Monarch’s role as head of Church of England “unsustainable”
Posted: Tue, 15 May 2012
The National Secular Society says that the Queen's or any future Monarch's role as Supreme Governor of the Church of England is unsustainable – despite the results of a new poll showing that 79% of British adults think that the Queen still has an important "faith role".
The ComnRes poll for the BBC also shows that 73% of respondents agree that the Queen and future monarchs should keep the titles of Supreme Governor of the Church of England and Defender of the Faith.
Meanwhile, just one in four think the Queen and future monarchs should not have any faith role at all.
By comparison, opinion is more divided regarding Prince Charles's suggestion that he should be Defender of Faith (as opposed to Defender of the Faith; 50% agree that if Prince Charles becomes King, his title should become Defender of Faith, compared to 35% who disagree.
Terry Sanderson, President of the National Secular Society, said: "Britain is a very different country to what it was when the Queen came to the throne in 1952. We can no longer sustain the idea that the Church of England is of any real significance to the vast majority of people.
"Attendance at churches continues to fall – now only one in fourteen is in church on a normal Sunday and the rising proportion who declare themselves to be non-religious is around the same as those declaring themselves Christian.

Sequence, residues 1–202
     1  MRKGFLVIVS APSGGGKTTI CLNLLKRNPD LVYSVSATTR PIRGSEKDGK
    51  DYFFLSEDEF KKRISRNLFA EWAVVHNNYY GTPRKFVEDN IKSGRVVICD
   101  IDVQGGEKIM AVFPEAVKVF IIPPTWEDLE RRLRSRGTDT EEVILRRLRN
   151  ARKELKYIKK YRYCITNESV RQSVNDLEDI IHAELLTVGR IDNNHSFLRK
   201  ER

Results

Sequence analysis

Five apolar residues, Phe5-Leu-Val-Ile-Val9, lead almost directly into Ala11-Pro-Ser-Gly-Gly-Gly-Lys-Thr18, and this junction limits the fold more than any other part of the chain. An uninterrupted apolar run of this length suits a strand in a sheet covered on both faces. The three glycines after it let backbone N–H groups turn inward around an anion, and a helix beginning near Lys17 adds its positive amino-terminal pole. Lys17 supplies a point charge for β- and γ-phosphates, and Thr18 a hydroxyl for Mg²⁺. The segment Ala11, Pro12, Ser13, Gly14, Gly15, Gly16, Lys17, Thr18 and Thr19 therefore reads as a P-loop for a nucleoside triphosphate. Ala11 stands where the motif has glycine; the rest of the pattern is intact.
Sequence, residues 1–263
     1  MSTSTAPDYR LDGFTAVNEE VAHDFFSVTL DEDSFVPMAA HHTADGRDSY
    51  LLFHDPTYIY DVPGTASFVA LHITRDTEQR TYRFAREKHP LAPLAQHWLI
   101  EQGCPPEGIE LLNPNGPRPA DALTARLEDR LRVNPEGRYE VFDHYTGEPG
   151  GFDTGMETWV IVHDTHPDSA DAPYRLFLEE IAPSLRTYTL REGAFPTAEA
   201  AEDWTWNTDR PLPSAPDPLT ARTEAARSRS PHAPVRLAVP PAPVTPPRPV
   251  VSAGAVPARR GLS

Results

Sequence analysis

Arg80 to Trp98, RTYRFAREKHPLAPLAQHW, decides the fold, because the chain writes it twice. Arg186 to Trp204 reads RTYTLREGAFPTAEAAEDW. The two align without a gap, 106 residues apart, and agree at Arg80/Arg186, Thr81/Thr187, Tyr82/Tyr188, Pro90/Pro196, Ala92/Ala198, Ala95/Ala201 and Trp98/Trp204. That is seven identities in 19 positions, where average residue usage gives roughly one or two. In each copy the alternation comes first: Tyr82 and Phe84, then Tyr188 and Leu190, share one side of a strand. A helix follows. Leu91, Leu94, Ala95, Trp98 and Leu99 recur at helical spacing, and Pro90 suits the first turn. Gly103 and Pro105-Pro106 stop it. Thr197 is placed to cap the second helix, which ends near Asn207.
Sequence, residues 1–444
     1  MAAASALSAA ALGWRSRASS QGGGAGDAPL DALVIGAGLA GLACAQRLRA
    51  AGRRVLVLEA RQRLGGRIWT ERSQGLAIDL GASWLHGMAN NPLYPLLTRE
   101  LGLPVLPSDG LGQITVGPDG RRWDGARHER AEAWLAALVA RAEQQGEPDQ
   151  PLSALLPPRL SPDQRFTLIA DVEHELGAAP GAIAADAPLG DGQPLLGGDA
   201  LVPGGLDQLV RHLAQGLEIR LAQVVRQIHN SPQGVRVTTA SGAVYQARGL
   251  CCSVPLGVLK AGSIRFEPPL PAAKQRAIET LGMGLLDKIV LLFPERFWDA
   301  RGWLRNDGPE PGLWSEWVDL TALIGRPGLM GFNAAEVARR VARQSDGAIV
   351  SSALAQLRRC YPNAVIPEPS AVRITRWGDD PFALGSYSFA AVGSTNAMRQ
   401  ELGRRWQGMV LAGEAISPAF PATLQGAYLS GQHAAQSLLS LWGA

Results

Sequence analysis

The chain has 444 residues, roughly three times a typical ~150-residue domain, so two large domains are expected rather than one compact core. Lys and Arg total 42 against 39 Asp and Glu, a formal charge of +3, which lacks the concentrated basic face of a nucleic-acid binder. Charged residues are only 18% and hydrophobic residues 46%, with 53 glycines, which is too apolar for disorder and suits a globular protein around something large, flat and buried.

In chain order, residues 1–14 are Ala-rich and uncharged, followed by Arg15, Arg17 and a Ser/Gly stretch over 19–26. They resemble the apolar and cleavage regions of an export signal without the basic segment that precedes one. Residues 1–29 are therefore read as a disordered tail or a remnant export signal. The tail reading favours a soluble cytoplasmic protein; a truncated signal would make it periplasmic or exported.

"If the Queen declares an allegiance to, and indeed preferential status for, only one religion — as she did at her coronation — then it renders everyone who is not of that religion to be less than full citizens.
"Prince Charles's suggestion that he be "Defender of Faith" would be a step forward, but the ultimate goal must surely be for the Church of England to be disestablished and for Britain to be a secular democracy that includes everyone of whatever creed or none without privilege or disadvantage. No head of state, be they monarch or not, should express any religious preference, far less be under a formal obligation to sustain one.
"The monarch should be free to follow any personal faith, or none, but the monarch is the only person in the country not free to have whatever personal faith they wish, or have none at all.
"The monarchy's role in this country is now almost entirely ceremonial anyway, and its relevance will be continually reduced as demographic trends of diversity continue. If the monarchy is to survive as anything more than a sentimental relic, it will have to face up to the fact that this country has changed radically over the past three generations. The next monarch must move on or be left behind as a Ruritanian-style sideshow.
"Despite dwindling congregations, British monarchs promise in their Coronation oath to maintain privileges for the Church of England. It is unacceptable that only a protestant Christian can be head of state. Neither could be less appropriate in one of the least religious and most religiously diverse countries in the world. Practically all western democracies have abandoned the medieval concept of establishment, most recently Sweden.
"That younger people are so markedly less enthusiastic about a religious monarchy is a sign that this is the way we should be changing the oath for those that will be our head of state in future generations."
Had the question about whether 'the Queen and future Monarchs should have any faith role or title at all' not mentioned the Queen, we are convinced that the result would have been much more in favour of no faith role.